- Value over profitability.
We were working with a client for some time, with the end goal of bringing more meetings for him. And we were struggling to figure out how to obtain results. We needed time to do testing, but the client had a limited budget for that project. And I needed to deliver. So we put on the extra manhours while cutting our profits. That worked liked charm. We made significantly less profit on that particular project, but we came out with some great results and a loyal client glad to spread the word about our services.
- Risk brings profit.
I was in the Netherlands when the email hit my inbox. A Spanish client wanted to hire us for some quite challenging project. It involved 10 people working for 2 months. And we had a deadline of 2 weeks to start the project (and I was coming back after a week). My team consisted of 5 people at that time, and we were working with full capacities already.
Within one week, we’ve managed to find a new office, recruit 10 new people, buy desks, computers, and everything else, and even deliver some training to the new employees.
As it was a new client in question, I had no way of knowing if they will keep their end of the deal, or will disappear forever. It proved to be one of the most fruitful risks I’ve ever taken. 5 years forward, they are still our clients.
- Take care of yourself and your employees.
It is quite easy to lose focus on what’s important when you are running a company, especially a bootstrapped one. When the time, budget, and resources are limited, we are often prone to burnout. I found a way that helps me stay on track — taking some time off with my family, being present and travelling. Often for weeks, at least before the pandemic hit. And I tend to take care of myself, so I can also take better care of the people I care about, and my employees, of course. Even when my schedule is hectic, I aim to dedicate at least 15 minutes to each. To see how they are doing, is there any way I can help them, or so we can work on our growth.
- Re-evaluate your company at least twice a year.
It might sound weird, but every few months (6 at the most), I am assessing my company like it is not mine. I imagine that I am an external consultant, doing a review of BizzBee Solutions. And I question everything. “Why are we doing this?” — is one of the frequent questions that I ask to justify processes or to close them. I often learn that things that I thought were right and suitable 6 months ago, are no longer so. And that is why I take the role as an external consultant in my own business. Questioning everything and making the necessary business updates so it can be a great company.
Jerome Knyszewski: Extensive research suggests that “purpose driven businesses” are more successful in many areas. Can you help articulate for our readers a few reasons why a business should consider becoming a purpose driven business, or consider having a social impact angle?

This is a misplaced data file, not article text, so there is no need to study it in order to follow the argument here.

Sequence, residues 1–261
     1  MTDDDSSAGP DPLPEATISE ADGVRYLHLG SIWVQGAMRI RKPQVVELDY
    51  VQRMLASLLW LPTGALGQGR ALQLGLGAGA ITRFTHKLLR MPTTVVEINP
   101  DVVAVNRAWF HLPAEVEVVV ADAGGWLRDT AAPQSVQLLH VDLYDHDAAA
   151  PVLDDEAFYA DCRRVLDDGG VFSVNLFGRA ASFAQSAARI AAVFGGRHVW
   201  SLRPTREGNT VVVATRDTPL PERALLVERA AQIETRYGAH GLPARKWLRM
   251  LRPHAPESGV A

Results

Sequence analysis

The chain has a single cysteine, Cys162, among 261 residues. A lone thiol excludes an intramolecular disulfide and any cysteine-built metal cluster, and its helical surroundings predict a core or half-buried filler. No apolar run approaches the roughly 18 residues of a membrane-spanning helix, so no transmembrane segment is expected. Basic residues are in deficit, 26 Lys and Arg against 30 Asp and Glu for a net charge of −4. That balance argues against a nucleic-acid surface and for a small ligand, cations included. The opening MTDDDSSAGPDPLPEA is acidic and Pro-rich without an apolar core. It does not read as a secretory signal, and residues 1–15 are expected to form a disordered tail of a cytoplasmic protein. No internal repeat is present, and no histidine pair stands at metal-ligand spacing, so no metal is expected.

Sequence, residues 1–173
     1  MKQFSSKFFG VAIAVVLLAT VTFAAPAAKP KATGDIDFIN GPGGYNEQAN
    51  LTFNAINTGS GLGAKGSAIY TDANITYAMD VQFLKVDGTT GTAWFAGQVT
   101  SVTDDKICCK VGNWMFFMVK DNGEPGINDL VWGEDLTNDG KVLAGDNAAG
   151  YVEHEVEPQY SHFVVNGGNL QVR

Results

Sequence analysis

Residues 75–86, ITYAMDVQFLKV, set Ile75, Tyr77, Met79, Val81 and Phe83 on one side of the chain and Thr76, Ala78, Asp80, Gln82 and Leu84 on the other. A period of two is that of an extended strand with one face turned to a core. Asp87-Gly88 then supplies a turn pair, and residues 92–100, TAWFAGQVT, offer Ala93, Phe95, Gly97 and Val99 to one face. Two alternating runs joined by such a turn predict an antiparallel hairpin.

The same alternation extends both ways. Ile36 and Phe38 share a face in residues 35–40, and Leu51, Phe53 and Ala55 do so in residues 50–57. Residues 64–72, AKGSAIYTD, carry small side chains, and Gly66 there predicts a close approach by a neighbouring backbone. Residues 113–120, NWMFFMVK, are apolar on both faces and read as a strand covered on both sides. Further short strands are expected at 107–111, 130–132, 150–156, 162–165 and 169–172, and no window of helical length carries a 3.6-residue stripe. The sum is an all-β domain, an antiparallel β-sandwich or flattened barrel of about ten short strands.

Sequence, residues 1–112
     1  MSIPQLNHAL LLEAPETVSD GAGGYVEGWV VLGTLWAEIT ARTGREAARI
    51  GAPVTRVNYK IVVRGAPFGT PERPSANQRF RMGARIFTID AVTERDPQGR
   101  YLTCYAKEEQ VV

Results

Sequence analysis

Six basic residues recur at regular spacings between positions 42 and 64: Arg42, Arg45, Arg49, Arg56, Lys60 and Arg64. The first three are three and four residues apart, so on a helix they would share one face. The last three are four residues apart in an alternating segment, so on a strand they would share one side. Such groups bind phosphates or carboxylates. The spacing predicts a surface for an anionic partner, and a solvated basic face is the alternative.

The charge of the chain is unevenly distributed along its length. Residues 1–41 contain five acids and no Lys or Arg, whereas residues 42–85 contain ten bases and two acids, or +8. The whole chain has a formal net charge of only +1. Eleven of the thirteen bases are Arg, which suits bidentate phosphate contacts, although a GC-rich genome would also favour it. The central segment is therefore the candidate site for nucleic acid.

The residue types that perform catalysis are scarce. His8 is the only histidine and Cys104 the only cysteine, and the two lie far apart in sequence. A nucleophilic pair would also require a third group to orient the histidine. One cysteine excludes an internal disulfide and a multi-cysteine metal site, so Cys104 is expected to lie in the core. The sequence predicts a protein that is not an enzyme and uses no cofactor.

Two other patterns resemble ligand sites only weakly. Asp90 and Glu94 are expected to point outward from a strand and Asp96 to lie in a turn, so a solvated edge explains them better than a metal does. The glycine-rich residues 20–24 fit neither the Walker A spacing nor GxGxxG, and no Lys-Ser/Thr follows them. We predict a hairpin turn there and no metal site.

Dancho Dimkov: I can elaborate on this topic based on my experience. We’ve started as a general consulting company. We were a man for hire — so we could potentially do anything that brings money. And I think clients can smell that attitude — you are after their money, not after actually helping them.
But then we evolved. We’ve specialized in B2B outreach and prospecting, targeting high-ticket service providers (startups and SME’s). Why? Because we are confident we can help them. I don’t see our business as sales support. I see our business as helping startups, and SMEs reach out to more companies and solve a particular problem of theirs. So it is a win-win-win: we get paid by helping our clients get new clients, and the prospects are having one less problem to care about.
Jerome Knyszewski: As you know, “conversion” means to convert a visit into a sale. In your experience what are the best strategies a business should use to increase conversion rates?
Dancho Dimkov: I think that I’ve already mentioned the focus a few times, but I really think it is crucial. BizzBee is focused on B2B high-ticket service providers. Knowing our target helps us in creating more engaging copy on our website — relevant testimonials, relevant case studies, and relevant examples.
We’ve gone a step further, we even divided the high-ticket service providers into 3 categories — a) consultants, b) software providers, and c) agencies. We’ve then created a completely different home page for each target, giving even more specific case studies, testimonials, and showing what we can do specifically for them.
This improved our conversion exponentially.
I don’t think that there is a hack for getting a reputation as a trusted brand. It has to be earned — the hard way. Dancho Dimkov
Jerome Knyszewski: Of course, the main way to increase conversion rates is to create a trusted and beloved brand. Can you share a few ways that a business can earn a reputation as a trusted and beloved brand?
Dancho Dimkov: I don’t think that there is a hack for getting a reputation as a trusted brand. It has to be earned — the hard way. So most of the activities we often believe are unnecessary, and can be easily skipped — those are usually the ones that actually increase your brand reputation.
Being active on social media — providing value-based posts and comments is one way to go. After a while, people will start turning to you for specific problems.
Publishing content on the subject — I’ve also experienced a significant boost when we published 6 eBooks on B2B outreach and prospecting. It boosted our credibility and trust.
I also know what I should BE doing intensively (but I don’t). I am trying to finish a book on B2B prospecting which will significantly improve our brand credibility. In addition, I want to start a podcast, interviews, and other channels where I will discuss our experiences and build brand awareness and credibility.
Jerome Knyszewski: How can our readers further follow you online?
Dancho Dimkov: Well, LinkedIn is always my go-to platform, so they can always find me there. They can find me on Facebook as well. If you want to keep up with my great company (pun intended) check out our website: https://www.bizzbeesolutions.com/.
Jerome Knyszewski: This was very inspiring. Thank you so much for the time you spent with this!